The home feed is structured a lot like LinkedIn’s recently-revamped Pulse app so you may also see posts from people in your extended network and articles that are popular among people with similar jobs.

“The core for the mobile product, the spine of the app, has always been this feed,” said Jonathan Redfern, LinkedIn’s VP of Product. “We’ve moved from a feed that was a lot about your connections to a feed that’s more about the professional topics and interests you choose to follow.”

Outside of the feed, there’s a “My Network” section, which serves up suggested people you may know, as well as cards with bite-sized updates about your connected friends, such as work anniversaries and new jobs. If that sounds familiar, that’s because it’s similar to LinkedIn’s Connected app, which revolves around updates like these.

“The app is absolutely flavored with learnings and code from our different apps,” Redfern says, noting the parallels between both Pulse and Connected.

The updated app also includes the newly-refreshed messaging features and an overhauled search feature that LinkedIn says is 300% faster than the previous app. All of the new features are available now on iOS and Android.

Are You Ready For The New “Facebook Notify” App?


So Facebook has released Notify, an app for reading customisable breaking news, info, and entertainment push notifications right on your lock screen in response to its filtered News Feed that was never very good at real-time news.

Notify lets you select from over 70 publishers and customise your alerts to only send you news about specific companies, cities, sports teams, music genres and more. Each is sent as a push notification and shown in the Notify app’s feed for 24 hours, and can be clicked through to read an associated link.

Today Notify becomes available on iOS in the US. It doesn’t offer the real-time discussion and independent voices of Twitter, but could provide an alternative for Twitter lurkers who just wanted real-time information and aren’t interested in building another audience to broadcast to.


Though Notify won’t feature any ads for now, there are certainly opportunities to offer sponsored suggestions for accounts to follow. As long as Facebook can get enough of its 1.55 billion users on Notify to justify the work publishers are putting in to produce content there, it could create the real-time, urgent, high-signal information channel the News Feed could never be.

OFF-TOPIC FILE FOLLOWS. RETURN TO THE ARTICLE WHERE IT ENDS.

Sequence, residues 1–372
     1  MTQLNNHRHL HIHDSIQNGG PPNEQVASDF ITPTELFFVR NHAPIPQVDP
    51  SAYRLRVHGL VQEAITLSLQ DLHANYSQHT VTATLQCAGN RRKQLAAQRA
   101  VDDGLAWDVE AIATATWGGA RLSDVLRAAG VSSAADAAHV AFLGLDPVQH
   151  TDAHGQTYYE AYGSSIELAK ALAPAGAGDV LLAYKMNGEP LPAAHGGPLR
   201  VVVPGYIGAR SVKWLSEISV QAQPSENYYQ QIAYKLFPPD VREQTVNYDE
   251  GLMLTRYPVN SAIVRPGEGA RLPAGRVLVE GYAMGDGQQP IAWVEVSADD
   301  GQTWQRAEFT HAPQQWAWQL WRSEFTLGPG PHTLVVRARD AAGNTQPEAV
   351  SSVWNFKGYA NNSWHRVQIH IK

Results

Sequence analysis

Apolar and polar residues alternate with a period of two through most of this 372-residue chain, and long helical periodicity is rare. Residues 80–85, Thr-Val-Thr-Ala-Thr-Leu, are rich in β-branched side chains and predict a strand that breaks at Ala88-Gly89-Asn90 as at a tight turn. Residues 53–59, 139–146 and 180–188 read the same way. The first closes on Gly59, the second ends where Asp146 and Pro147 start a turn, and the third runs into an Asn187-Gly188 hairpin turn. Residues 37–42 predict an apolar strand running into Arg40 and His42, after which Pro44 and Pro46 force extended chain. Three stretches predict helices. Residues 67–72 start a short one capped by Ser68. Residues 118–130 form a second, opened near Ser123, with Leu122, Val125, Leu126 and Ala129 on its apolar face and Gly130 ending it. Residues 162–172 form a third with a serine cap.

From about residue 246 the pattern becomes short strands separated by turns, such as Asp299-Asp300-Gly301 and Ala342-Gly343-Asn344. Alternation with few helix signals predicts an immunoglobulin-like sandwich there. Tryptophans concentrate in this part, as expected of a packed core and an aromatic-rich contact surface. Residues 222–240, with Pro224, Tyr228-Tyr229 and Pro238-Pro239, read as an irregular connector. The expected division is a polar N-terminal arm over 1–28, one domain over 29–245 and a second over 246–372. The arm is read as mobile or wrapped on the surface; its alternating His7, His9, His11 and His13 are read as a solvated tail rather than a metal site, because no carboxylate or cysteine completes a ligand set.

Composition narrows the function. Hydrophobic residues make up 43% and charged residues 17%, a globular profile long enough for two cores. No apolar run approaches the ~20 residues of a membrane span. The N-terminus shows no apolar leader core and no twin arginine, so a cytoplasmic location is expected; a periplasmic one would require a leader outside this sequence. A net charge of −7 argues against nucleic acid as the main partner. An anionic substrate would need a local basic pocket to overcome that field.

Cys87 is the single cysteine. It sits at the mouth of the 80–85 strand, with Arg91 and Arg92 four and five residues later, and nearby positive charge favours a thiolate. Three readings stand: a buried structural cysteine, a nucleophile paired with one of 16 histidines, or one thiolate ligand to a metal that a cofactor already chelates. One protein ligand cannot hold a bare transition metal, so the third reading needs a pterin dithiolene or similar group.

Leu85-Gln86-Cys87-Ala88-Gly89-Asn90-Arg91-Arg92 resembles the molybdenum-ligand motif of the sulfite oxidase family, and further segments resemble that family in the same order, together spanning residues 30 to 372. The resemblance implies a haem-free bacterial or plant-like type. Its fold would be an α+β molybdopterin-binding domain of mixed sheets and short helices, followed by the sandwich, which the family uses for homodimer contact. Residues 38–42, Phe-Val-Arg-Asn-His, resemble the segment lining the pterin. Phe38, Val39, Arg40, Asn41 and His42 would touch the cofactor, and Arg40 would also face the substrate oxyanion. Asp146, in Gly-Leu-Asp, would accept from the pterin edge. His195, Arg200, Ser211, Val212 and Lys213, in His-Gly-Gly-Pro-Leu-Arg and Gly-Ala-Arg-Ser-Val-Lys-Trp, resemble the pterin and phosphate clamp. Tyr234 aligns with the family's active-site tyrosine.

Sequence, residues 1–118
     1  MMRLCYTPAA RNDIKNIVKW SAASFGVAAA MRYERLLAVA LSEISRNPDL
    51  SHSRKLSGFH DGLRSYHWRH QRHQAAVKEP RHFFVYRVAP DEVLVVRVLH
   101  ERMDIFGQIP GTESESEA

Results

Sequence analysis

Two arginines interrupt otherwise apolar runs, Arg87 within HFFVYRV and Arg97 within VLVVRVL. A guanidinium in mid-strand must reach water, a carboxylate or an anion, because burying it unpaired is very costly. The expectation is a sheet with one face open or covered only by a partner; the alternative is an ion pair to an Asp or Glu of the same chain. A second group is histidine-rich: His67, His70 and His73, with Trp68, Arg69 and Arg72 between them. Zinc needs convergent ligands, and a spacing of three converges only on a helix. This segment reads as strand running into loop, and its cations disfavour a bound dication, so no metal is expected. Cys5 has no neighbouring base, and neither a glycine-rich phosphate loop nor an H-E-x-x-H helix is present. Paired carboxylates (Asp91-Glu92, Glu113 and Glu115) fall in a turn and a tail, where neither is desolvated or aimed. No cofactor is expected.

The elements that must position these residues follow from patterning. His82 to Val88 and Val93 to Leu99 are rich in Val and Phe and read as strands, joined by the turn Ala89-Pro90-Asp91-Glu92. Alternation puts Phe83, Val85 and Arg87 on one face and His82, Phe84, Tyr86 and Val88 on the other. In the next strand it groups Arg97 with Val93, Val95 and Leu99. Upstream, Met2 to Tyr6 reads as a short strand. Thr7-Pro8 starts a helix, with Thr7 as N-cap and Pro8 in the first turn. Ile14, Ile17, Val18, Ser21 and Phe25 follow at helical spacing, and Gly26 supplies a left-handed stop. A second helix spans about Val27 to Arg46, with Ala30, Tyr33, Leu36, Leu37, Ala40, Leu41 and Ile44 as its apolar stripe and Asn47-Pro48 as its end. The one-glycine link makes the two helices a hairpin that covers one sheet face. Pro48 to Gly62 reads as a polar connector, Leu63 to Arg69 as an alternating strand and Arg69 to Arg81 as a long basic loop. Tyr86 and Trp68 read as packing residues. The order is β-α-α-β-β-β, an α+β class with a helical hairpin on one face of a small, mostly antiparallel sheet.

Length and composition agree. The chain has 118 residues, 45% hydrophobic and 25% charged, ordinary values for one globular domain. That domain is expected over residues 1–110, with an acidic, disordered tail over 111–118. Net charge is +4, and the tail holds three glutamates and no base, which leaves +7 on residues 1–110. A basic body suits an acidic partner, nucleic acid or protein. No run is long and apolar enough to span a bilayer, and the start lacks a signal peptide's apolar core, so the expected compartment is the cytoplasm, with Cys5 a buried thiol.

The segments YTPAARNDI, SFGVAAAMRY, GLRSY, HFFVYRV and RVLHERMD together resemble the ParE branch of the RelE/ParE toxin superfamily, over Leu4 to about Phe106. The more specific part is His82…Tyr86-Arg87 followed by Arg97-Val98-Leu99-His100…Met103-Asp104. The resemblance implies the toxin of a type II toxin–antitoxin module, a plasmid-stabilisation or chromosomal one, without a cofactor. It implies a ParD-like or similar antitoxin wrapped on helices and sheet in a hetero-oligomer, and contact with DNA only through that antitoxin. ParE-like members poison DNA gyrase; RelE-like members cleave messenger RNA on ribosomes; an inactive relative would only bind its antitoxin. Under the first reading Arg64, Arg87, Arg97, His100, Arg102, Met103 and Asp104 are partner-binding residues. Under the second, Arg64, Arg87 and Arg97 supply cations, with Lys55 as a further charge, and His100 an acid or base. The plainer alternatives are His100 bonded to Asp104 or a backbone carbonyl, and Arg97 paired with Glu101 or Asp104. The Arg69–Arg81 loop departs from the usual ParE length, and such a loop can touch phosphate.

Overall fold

The New Sub-Topic Alerts

What’s really special about Notify is the granularity of alerts you can get. While general Twitter accounts feature a broad range of content that might not all be interesting to you, Notify lets you subscribe only to the very specific sub-topics that are relevant.


That level of control is critical for an app built around push notifications because alerts about irrelevant sports teams, news, or entertainment would get extremely annoying. Most people would say they already get too many pushes.

How To Get Notified

When you first download Notify and log in with Facebook, the app will pull your Page Likes and follows to create a personalised set of recommendations to follow. This gives it a leg up over Twitter’s onboarding, which has to build your interest graph from scratch. To get you invested in the app, you’ll have to choose at least three channels to follow to get started.

Facebook has worked with 70 launch partners to create Notify stations, including The New York Times, CNN, Huffington Post, Vanity Fair, Techmeme, Fox Sports, Epicurious, Comedy Central, Fandango, BandsInTown and The Weather Channel. Many offer both general news stations and ones with options to follow specific sub-topics. Tapping a station lets you preview its content by showing the last 20 notifications it sent.

Publishers use a special interface to write notification text, select a link, and then publish or schedule their alerts. There’s also an API for programmatic distribution of weather forecasts, sports scores and other structured data. Working out these partnerships is what led to the leaks about Notify this summer from The Awl and Financial Times.

The alerts are delivered to a user’s lockscreen where they can be read without opening one’s phone. Tapping through opens a notification’s link, and you can also save it to read later. Inside the Notify app is a feed of the last 24 hours of your notifications, which you could use as a digest of what you care most about. There’s also a tab for parsing any notifications you’ve saved.

From the feed, you can easily swipe to manage what alerts you get from a station. If you want more, the + button reveals a way to browse categories of stations like sports or business news, or you can dig into a single source and see all the stations it offers.

For publishers, Notify creates a way for them to send push notifications without building and popularising their own app. Ideally it could help them grow their audience through Notify’s discovery features, or deepen their relationship with existing fans.

Facebook Alert

At its best, Notify serves as an invisible app. You rarely need to open it. Instead you just consume the alerts on your lock screen and click through to view the related websites when necessary.

But at its worst, Notify could overwhelm users with Notifications, driving them to silence the alerts or delete the app.

“We know notifications are a highly sensitive distribution channel,” Notify’s Director of Media Partnerships Nick Grudin says. “If you get them right, they’re really awesome. If you get them wrong, they ‘re really annoying.”

To that end, Facebook is giving publishers detailed analytics regarding how many people receive, view, click through, share and, most important, unsubscribe from each notification. This way publishers know what content they should stop pushing because its driving away readers.